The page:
The purpose of this study is thus to investigate whether inequities in the structural environment, in this case concentrated alcohol outlet density, could serve as indicators of residential segregation and systemic racism. In so doing we aim to provide a way to establish contextual risk for negative health outcomes. Residential segregation by race/ethnicity is associated with increased risk of mortality, particularly for black residents. Overconcentration of liquor outlets has also been recognized as a risk factor for negative health outcomes, including violence, motor vehicle crashes, and liver conditions. The mechanism by which alcohol outlets are associated with or health, however, has been inadequately articulated, both theoretically and empirically. We attempt to bridge that gap by exploring whether alcohol outlets are overconcentrated in segregated neighborhoods with a greater than area average concentration of minority residents and, as such, function as an indicator of segregation and thus systemic racism.
Methods. Alcohol outlet addresses for the year 2014 were obtained from the Alabama Alcoholic Beverage Control Board and the Louisiana Office of Alcohol and Tobacco. Outlets were geocoded to 2010 census tracts and merged with American Community Survey (ACS) 2010-2014 5-year estimates of population and socioeconomic indicators. Local alcohol control policy was obtained from state regulatory agencies. Black isolation was calculated at the county level to operationalize area residential segregation. Multilevel generalized linear models were used to investigate correlates of off-sale outlet density. All models were fit using the Glimmix procedure in SAS v 9.4.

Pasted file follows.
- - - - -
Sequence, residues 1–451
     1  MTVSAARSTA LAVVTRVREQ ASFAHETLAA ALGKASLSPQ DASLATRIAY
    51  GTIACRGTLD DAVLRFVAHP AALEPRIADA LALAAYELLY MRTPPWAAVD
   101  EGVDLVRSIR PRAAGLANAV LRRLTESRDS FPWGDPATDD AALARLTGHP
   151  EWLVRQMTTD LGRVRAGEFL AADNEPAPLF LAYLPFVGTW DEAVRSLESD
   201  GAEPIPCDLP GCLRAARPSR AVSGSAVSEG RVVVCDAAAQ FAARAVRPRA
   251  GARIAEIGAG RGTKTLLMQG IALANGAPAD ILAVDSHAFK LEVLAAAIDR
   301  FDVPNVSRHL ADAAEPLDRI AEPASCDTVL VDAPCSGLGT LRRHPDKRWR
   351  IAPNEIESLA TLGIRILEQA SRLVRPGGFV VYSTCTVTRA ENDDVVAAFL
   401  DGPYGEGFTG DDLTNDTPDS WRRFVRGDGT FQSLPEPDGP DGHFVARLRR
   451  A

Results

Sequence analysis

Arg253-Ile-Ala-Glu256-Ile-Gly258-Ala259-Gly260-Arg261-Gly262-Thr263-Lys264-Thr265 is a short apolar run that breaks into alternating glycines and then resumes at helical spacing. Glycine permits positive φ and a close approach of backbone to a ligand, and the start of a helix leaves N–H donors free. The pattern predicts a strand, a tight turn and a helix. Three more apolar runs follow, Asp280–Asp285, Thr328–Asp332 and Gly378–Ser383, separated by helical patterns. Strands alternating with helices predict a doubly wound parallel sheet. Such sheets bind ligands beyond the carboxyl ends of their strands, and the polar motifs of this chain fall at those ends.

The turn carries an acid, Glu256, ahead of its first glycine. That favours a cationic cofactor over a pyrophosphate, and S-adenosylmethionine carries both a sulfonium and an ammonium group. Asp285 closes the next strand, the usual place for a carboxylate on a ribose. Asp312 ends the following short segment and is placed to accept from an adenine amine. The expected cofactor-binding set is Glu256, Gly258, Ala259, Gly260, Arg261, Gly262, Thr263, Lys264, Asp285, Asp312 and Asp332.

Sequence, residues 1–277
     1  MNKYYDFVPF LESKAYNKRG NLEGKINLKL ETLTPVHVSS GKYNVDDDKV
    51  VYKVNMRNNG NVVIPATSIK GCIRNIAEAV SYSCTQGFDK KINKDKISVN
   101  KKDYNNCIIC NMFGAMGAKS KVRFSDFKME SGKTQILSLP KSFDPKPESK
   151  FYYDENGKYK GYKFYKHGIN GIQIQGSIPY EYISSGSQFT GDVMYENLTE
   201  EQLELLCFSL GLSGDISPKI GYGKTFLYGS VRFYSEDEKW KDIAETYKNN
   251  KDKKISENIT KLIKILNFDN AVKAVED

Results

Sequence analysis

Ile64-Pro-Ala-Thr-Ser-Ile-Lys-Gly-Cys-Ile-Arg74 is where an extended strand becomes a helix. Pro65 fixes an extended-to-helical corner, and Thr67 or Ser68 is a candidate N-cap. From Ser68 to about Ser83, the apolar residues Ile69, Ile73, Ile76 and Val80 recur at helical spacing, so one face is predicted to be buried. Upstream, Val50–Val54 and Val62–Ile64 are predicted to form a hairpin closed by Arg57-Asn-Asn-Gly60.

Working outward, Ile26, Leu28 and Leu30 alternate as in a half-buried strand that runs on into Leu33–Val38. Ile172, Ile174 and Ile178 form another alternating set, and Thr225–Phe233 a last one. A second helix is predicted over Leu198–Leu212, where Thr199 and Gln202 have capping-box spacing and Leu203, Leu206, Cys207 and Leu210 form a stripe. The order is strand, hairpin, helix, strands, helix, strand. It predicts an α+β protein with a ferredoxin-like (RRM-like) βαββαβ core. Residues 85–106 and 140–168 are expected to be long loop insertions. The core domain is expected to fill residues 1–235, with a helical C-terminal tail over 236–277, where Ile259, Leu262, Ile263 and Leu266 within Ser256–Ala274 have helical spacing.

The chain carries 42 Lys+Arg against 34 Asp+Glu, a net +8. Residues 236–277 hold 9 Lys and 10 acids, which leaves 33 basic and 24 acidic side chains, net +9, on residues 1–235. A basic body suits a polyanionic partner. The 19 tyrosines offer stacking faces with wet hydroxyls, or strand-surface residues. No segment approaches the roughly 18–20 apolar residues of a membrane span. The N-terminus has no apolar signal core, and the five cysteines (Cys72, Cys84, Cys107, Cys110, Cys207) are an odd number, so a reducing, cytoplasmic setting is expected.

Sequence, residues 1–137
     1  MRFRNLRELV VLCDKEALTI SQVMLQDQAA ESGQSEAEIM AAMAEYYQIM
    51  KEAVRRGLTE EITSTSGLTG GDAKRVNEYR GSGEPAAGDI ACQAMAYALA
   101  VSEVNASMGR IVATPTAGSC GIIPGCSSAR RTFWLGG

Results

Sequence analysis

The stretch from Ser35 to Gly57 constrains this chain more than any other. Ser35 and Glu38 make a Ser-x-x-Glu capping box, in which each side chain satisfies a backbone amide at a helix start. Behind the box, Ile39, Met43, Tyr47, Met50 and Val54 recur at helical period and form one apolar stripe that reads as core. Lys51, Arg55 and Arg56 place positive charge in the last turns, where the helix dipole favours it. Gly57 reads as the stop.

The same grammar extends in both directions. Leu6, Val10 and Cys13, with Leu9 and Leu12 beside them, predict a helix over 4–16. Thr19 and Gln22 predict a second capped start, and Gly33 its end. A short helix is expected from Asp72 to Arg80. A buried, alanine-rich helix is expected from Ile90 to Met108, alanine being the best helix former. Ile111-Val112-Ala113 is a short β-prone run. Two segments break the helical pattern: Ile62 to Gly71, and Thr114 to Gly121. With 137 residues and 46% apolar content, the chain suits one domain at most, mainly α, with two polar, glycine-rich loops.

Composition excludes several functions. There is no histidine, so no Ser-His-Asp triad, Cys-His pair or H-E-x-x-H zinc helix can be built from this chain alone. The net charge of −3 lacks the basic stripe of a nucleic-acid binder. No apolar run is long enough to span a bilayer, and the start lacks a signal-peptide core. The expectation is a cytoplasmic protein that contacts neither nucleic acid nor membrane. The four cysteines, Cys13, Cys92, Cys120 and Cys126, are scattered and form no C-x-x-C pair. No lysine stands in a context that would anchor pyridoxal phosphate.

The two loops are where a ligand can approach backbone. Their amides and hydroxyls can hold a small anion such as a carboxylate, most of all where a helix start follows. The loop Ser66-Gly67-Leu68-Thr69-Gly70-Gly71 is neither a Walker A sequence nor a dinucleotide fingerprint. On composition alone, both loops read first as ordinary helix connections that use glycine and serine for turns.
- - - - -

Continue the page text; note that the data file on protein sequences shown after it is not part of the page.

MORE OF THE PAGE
Results. We found a positive association between black isolation and outlet density. Within a county, tracts with a greater share of black residents had significantly higher outlet density. A single standard deviation increase in the percentage of black residents was associated with 12% [1.12 (1.09, 1.15)] increase in outlet density in wet counties but a 44% [1.44 (1.34, 1.54)] increase in dry counties. Further, we found that tract racial composition remained significantly associated with outlet density in damp counties even after controlling for poverty.
Implications. Neighborhoods with a greater share of black residents are more likely to have an overconcentration of liquor outlets, an important indicator of negative health outcomes. Future research will help more explicitly understand the links between segregation and health. Additionally, investigations exploring how county and city-level policies impact these relationships and spatial relationships between outlets and health outcomes will further improve our understanding of the impact of neighborhood segregation on health.